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Forever Strong

Drama
109 min / 2008
Rating: 7/10

This one begins with a fall from grace: teen rugby star Rick Penning crashes his car, injuring his girlfriend, and gets sent to juvenile detention for his second DUI. He also loses the affection of his rugby coach father who only seems able to relate to his son as a coach and not as a dad.

Even behind bars Rick is hardly repentant. A prison chaplain of sorts starts setting him right by, first, having him scrub a lot of latrines, and second, by introducing him to a very special rugby coach. Larry Gelwix’s Highland club has won the US nationals 15 of the last 20 years, but as he puts it, he’s more about creating championship boys, than winning championships. He invites Rick on his team, which of course, the pig-headed Rick declines. But when he finds out he can get out sooner if he plays, Rick changes his mind, and shows up, though still grudgingly.

This is a sports movie, so of course, we know Rick is going to turn it around in the end. But this one is also rooted in reality – Coach Gelwix and the Highland team are real, and Rick’s character is based on a real person too – and it’s those facts that keep this one fresh.

Cautions

As part of Rick’s bad-boy life, the film opens with scenes of partying, and brief shots of bare-chested guys and bikini-clad girls. Rick is also shown drinking while driving his car off the road. He hurts himself, but the real damage is to his girlfriend who got thrown from the car and is shown strung up on a barbwire fence. It’s shown only for a moment, but it is the film’s most disturbing image (I thought she was dead, and only learned later she wasn’t). Another caution would concern the bloody cuts from the rugby action (and from a few fist fights).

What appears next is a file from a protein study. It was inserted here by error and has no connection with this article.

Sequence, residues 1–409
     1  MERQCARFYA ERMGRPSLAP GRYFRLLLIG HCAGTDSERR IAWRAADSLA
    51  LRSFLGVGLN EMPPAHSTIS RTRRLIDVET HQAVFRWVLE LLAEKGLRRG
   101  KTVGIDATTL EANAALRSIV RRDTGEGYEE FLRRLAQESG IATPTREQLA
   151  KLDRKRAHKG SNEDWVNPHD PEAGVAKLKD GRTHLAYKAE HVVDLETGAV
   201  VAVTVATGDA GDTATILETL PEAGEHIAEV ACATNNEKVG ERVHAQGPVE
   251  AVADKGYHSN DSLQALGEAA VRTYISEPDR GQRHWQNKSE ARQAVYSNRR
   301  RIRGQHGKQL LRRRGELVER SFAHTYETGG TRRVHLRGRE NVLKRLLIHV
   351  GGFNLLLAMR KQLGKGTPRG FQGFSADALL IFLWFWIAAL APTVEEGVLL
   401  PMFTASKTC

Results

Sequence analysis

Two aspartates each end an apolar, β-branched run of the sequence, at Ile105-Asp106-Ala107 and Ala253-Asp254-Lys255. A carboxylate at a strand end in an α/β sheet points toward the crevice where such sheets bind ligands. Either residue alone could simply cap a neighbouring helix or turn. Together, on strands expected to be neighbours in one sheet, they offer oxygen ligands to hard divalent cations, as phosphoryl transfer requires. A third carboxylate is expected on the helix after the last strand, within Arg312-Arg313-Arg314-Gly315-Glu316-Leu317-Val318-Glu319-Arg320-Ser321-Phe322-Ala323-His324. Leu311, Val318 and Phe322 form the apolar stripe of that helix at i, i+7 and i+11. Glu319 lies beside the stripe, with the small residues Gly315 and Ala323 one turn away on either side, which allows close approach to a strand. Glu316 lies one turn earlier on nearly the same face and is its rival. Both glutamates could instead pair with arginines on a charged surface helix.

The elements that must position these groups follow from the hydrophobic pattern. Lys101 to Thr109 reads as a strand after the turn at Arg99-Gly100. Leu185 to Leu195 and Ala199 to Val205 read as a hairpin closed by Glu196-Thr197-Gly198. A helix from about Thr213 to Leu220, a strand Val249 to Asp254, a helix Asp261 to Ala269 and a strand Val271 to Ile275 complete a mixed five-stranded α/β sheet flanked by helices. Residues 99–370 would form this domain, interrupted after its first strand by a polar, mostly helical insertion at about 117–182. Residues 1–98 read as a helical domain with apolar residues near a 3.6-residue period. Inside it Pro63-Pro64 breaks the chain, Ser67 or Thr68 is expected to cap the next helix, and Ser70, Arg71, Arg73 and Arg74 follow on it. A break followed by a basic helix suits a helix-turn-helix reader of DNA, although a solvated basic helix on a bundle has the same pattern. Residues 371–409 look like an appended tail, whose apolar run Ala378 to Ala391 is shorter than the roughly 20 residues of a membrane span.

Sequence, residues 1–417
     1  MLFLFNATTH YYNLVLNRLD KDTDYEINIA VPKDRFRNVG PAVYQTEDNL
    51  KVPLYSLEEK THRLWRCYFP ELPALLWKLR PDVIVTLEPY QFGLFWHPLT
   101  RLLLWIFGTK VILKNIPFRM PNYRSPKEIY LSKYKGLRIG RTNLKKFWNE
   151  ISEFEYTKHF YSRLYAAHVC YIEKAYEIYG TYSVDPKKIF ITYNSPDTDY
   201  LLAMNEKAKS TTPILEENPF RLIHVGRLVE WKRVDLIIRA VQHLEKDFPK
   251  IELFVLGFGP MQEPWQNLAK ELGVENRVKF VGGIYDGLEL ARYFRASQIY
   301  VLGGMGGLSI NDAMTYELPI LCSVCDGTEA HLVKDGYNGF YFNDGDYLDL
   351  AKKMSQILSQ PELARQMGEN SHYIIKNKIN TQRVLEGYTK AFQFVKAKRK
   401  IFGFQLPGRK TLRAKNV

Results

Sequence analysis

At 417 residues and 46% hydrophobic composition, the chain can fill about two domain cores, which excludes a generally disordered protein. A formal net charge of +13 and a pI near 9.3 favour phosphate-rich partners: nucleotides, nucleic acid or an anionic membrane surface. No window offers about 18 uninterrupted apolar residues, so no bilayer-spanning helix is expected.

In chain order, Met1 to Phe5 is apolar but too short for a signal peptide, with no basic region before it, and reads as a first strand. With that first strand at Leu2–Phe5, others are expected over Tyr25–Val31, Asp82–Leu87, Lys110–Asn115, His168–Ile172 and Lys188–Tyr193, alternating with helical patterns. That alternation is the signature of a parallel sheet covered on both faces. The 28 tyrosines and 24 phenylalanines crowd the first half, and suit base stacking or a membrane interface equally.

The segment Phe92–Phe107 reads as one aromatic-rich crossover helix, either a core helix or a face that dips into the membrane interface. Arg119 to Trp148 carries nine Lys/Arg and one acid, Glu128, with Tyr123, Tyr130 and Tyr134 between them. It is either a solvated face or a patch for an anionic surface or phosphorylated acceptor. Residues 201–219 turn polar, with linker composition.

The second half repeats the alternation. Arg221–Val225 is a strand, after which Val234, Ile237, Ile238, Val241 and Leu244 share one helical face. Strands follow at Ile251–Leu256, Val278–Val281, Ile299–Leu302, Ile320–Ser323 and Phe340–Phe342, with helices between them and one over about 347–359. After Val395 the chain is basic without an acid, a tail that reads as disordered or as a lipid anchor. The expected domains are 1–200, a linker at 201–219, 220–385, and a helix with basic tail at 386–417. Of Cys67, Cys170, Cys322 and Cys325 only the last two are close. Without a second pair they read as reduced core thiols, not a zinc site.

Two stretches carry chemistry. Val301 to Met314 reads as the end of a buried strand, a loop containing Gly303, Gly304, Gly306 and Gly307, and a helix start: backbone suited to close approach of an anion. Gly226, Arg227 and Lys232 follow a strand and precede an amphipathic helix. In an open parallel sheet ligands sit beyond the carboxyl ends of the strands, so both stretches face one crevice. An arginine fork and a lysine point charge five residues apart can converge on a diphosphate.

A topic for discussion with your teens is how the Highland team is at times overtly Christian, and then not. The team prays before games, asking for protection for both themselves and the opponents, but then the player leading the prayer also asks God to help them all “feel the mana, the power of family.” Family is a big part of the film, and there is an ancestor-worship vibe going on at times. So family could be the central “god” of the film.

Conclusion

This is otherwise a pretty amazing movie: well-shot, solidly acted, and you’ll feel the rugby hits right through your TV. The action is too intense for preteens, but it might be a fun one for mom and dad and the older kids. And what’s cool is you can watch it for free at RedeemTV.com (though you will have to sign up for their free membership).

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Documentary, Movie Reviews, Watch for free

Long Shot: The Kevin Laue Story

Documentary 91 minutes / 2012 Rating: 7/10 This is the amazing story of how a one-armed young man beats the odds to make it onto a Division 1 college basketball team. His disability alone would make Kevin Laue a "long shot" but then he also lost his dad at age 10. What the film celebrates is Laue's determination, but what it also captures is the enormous hole left when a father is missing. So much of what Laue does and wants to do is an effort to make his late father proud. Laue does have a father figure in the film, a fantastic high school coach in Patrick McKnight who was willing to just invest in the young man, and "put a foot in his butt" when Laue needed it. He also has a family that loves him, including a grandmother who calls him her "chickadee" and has to be in the running for his #1 fan. Cautions Language concerns would be a couple of f-bombs dropped by players and one "gosh." We see Kevin in the shower, shot from the other side of the somewhat opaque glass door so we don't see any details, but enough flesh-color to know he is naked. While the trailer below makes this look like more of an explicitly Christian film than it is - the Laues' trust in God only comes up in spots. And that's maybe the more notable caution: while the film highlights how important a father can be for a son, God isn't portrayed as nearly as significant. That might be more a matter of the filmmaker's editing decisions than the family's convictions, but either way it is an opportunity for a great discussion question for our kids: who do you think is being portrayed as the "god" – the most important person or thing? – in this film? Is it dads or God? Conclusion This is a fascinating film about a young man who is admirable in many ways, and yet not so idealized here that he becomes fake and distant. It's a film that any sports fans and both parents and teens will enjoy. Check out the trailer below, and watch it for free here. ...